Hello Spacing readers – on this New Years Eve, I find myself “thinking with my thumbs” on my Blackberry as my wife and I explore Seattle before tonight’s festivities – thinking beyond the resolutions and goals for myself, my family, and my company. I’m thinking about us – a community of urbanists, who have been working for much of our careers to make our cities, towns and communities better.
Sometimes we’ve worked with success, often with frustration and fatigue, but always with a passion that keeps driving us forward.
We’ve known for decades the better ways to do things, for greater urban health, sustainability, resiliency, vibrancy and economic success. Ways to address critical challenges as diverse as affordability, our carbon and ecological footprint, public health crises, demographic shifts, on and on – many or most with the same “convenient solution”… better, smarter city-making.
The challenge isn’t one of not knowing. It continues to be a challenge of doing. Of having the will and skill to get past the short-term politics, the rhetoric, the market momentum, and the financial self-interest that has kept our better solutions from being realized. This is what we all need to be better at, in 2013 and beyond.
So this year, as North America struggle with self-imposed fiscal cliffs, irrational gun control ideology, patterns of urban sprawl virtually bankrupting cities, and an irresponsible lack of action on climate change, we city-builders can focus on where real success, real progress, has been occurring for a while – in cities and city-regions.
Here are a handful of resolutions, quickly written with my thumbs, for our community of international city-builders to hopefully embrace. They aren’t unique – we all know what they are, and any of us could write them – but like resolving to lose weight each year, its the doing that counts, not the uniqueness of the resolution.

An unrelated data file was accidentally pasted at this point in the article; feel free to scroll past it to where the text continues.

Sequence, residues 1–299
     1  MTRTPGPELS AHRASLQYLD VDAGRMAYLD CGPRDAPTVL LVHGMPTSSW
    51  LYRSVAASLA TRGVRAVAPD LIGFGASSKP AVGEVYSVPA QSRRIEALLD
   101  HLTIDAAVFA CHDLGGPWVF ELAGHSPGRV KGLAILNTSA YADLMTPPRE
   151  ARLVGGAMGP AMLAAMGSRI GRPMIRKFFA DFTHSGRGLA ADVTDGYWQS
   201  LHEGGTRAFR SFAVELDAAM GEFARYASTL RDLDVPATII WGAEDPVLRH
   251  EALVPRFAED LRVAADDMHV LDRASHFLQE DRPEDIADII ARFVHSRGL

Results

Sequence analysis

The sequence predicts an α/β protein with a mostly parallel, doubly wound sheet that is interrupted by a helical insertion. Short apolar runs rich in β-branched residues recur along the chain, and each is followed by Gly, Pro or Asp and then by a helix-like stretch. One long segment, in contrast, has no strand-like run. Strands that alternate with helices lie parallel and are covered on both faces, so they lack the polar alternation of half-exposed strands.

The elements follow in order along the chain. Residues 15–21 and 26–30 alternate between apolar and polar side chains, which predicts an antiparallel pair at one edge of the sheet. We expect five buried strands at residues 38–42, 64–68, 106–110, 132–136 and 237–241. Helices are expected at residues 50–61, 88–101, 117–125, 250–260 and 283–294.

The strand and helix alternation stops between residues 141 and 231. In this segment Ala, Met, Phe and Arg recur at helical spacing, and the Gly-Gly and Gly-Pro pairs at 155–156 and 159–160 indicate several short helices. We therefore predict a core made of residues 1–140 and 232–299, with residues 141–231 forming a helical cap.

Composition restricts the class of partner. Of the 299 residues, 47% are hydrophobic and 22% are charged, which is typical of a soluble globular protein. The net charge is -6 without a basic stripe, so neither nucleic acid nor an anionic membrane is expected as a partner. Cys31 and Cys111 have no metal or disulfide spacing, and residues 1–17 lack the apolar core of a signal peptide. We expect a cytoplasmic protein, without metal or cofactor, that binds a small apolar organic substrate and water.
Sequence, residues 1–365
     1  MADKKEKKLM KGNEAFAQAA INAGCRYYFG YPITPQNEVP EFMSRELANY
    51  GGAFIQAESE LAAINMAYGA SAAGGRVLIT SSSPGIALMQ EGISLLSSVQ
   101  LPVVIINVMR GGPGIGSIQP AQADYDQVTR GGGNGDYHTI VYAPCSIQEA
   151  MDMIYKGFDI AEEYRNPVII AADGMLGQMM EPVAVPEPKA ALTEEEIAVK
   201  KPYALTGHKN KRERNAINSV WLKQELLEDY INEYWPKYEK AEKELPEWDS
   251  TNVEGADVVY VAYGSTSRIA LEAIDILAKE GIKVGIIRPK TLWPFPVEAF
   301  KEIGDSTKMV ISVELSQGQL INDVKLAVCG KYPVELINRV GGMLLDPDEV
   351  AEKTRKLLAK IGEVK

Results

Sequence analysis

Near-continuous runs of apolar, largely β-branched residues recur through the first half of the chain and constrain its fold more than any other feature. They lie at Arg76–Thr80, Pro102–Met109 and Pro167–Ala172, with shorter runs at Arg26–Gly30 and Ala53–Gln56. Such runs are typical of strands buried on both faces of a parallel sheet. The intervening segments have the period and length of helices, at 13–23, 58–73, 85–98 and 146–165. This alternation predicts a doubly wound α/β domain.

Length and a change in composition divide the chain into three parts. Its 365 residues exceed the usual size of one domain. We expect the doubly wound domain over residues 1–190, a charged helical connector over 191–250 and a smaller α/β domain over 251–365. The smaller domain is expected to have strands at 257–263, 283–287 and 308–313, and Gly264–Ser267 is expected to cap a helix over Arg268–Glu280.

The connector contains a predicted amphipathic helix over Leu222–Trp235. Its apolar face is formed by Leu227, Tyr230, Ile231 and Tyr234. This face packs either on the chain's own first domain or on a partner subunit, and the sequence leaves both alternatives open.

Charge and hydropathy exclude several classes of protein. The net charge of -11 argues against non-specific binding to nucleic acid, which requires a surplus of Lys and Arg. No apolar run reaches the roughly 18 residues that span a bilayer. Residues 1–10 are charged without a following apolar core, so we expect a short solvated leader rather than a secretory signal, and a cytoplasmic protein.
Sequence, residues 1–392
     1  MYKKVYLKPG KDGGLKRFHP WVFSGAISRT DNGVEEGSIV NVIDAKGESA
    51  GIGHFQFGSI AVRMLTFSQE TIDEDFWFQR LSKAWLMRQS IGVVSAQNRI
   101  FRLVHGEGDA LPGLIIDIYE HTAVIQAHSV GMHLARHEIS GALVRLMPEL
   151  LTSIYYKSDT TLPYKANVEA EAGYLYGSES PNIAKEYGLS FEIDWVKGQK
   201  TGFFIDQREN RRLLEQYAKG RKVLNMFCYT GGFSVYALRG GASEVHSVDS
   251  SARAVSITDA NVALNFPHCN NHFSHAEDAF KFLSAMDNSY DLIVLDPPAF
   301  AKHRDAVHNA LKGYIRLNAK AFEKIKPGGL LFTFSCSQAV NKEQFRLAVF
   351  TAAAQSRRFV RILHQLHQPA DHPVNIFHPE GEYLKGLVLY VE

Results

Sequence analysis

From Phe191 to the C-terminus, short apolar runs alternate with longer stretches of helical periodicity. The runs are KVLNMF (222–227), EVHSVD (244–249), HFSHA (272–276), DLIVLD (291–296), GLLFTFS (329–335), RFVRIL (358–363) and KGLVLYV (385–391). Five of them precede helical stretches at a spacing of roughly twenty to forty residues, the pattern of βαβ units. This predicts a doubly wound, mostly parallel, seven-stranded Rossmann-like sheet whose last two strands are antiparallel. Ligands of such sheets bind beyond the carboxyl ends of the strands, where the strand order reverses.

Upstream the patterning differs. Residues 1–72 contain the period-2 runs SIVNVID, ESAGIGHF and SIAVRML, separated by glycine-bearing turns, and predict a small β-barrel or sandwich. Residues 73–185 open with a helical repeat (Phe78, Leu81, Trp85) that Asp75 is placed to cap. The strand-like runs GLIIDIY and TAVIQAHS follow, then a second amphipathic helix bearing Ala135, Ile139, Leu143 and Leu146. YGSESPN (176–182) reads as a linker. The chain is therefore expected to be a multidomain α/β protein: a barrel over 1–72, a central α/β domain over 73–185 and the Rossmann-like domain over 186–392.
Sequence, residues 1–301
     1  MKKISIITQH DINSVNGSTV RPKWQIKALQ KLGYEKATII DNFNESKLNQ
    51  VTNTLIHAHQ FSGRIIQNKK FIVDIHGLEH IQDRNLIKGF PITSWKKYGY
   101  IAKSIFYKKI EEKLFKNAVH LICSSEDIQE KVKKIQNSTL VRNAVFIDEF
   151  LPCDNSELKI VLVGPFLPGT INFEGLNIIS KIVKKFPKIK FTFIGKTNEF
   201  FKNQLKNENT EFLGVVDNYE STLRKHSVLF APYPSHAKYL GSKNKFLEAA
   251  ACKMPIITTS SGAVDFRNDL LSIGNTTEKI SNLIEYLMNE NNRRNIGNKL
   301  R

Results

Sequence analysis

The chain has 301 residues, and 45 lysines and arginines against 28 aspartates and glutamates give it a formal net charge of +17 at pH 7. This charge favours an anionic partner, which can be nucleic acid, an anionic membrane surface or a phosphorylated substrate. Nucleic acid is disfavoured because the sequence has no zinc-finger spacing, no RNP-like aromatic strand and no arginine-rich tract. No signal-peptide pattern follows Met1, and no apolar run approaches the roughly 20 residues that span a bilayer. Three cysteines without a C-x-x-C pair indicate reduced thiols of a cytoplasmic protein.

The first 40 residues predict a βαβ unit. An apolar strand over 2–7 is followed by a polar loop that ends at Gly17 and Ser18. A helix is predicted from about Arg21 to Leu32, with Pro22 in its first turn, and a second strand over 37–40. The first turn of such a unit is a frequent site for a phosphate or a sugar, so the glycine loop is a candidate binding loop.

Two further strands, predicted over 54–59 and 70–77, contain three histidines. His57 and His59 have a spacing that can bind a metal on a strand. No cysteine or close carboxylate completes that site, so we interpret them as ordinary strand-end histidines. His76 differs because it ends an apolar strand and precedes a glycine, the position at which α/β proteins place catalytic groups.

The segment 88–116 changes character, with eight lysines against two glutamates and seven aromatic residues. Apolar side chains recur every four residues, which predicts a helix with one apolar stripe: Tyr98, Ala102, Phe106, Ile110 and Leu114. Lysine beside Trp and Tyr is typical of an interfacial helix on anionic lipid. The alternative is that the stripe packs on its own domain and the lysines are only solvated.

If we can make these real in 2013, we would truly make our cities better.
- We resolve to come together as professionals and disciplines, and finally break the silos that keep us from achieving holistic, complete city-building. We will agree across professions to common definitions of success.
- We resolve to set better goals, and better measure the RIGHT successes, rather than optimizing the wrong things. Smart growth, not sprawl (and before someone says we need to define these better, or replace them with “fresher, cooler terms” – we’ve defined and debated such terms incessantly for decades, with not enough attention to achieving them). Shorter, smarter trips, with everything we need closer. More parks and public places, that more people visit, and stay in longer. The key is to be clear, and to honestly measure success over time. In many cases, we’ve been busy measuring the wrong things.
- We resolve to not just increase density, but to do density better! With beautiful (but not necessarily more expensive) design, walkability, mix and completeness, amenities, and housing and population diversity.
- We resolve to stop feeding, or accepting, the unhealthy and distracting “war on the car” rhetoric, and inspire our cities with what true multi-modal cities can achieve. All ways of getting around work better, including cars, if we emphasize walking, biking and transit!
- We resolve to house the homeless, not just because it’s the right thing to do, but because it actually saves us money. We can’t afford to NOT house the homeless!
- We resolve to take back our own langauge from those who’ve made it code or ideological – words like livability, and quality of life. These are not left or right wing – they’re just smart, and critically important to successful communities.
- We resolve to stop accepting “false choices” that are dumbing-down our conversation about how to building cities. Heritage preservation OR smart growth. Good planning OR job creation. Beautiful design OR affordable design. Good city-making doesn’t play these false choice games.
- We resolve to stop using the eight most frustrating words in the english language – “we could never do that in our city!”
- Lastly, we as urbanists resolve to be not just involved in, but absolutely integral in, the broad conversation about the success of our cities and nations. We will be more clear, more persuasive, more “human” in our speech and writing. We will be a powerful voice as urbanists. And at the same time, we’ll listen and learn a lot better.
This list isn’t intended to be comprehensive – its the best my thumbs could think of today. But I was inspired to share them with you because I’m inspired by the year we could have together, our community of urbanists. Feel free to add more, to contribute and debate, but most importantly, to passionately participate this year.
We can resolve to make 2013 a key year in better city-making! Who’s in?